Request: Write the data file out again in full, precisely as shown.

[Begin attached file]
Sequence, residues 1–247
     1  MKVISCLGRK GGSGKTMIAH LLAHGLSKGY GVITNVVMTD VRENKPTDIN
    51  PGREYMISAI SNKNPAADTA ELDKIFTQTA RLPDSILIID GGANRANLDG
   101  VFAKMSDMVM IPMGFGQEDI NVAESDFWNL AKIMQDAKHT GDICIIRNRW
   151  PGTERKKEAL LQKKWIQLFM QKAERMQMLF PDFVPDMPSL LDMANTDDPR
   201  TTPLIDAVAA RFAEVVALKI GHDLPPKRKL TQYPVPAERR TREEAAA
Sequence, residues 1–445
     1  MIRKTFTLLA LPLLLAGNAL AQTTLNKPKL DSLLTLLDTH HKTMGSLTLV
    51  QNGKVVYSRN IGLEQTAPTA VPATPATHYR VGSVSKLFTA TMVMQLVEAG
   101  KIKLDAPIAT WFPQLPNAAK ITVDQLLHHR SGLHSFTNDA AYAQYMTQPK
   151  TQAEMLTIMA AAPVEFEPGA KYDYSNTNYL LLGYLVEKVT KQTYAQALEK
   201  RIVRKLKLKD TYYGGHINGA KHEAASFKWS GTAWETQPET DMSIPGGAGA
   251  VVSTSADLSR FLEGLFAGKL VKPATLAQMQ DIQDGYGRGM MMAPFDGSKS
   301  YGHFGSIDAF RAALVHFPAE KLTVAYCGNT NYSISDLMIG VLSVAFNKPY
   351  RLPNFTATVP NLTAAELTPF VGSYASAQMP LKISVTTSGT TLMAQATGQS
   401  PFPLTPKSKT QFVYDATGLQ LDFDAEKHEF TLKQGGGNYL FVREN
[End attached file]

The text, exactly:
Sequence, residues 1–247
     1  MKVISCLGRK GGSGKTMIAH LLAHGLSKGY GVITNVVMTD VRENKPTDIN
    51  PGREYMISAI SNKNPAADTA ELDKIFTQTA RLPDSILIID GGANRANLDG
   101  VFAKMSDMVM IPMGFGQEDI NVAESDFWNL AKIMQDAKHT GDICIIRNRW
   151  PGTERKKEAL LQKKWIQLFM QKAERMQMLF PDFVPDMPSL LDMANTDDPR
   201  TTPLIDAVAA RFAEVVALKI GHDLPPKRKL TQYPVPAERR TREEAAA
Sequence, residues 1–445
     1  MIRKTFTLLA LPLLLAGNAL AQTTLNKPKL DSLLTLLDTH HKTMGSLTLV
    51  QNGKVVYSRN IGLEQTAPTA VPATPATHYR VGSVSKLFTA TMVMQLVEAG
   101  KIKLDAPIAT WFPQLPNAAK ITVDQLLHHR SGLHSFTNDA AYAQYMTQPK
   151  TQAEMLTIMA AAPVEFEPGA KYDYSNTNYL LLGYLVEKVT KQTYAQALEK
   201  RIVRKLKLKD TYYGGHINGA KHEAASFKWS GTAWETQPET DMSIPGGAGA
   251  VVSTSADLSR FLEGLFAGKL VKPATLAQMQ DIQDGYGRGM MMAPFDGSKS
   301  YGHFGSIDAF RAALVHFPAE KLTVAYCGNT NYSISDLMIG VLSVAFNKPY
   351  RLPNFTATVP NLTAAELTPF VGSYASAQMP LKISVTTSGT TLMAQATGQS
   401  PFPLTPKSKT QFVYDATGLQ LDFDAEKHEF TLKQGGGNYL FVREN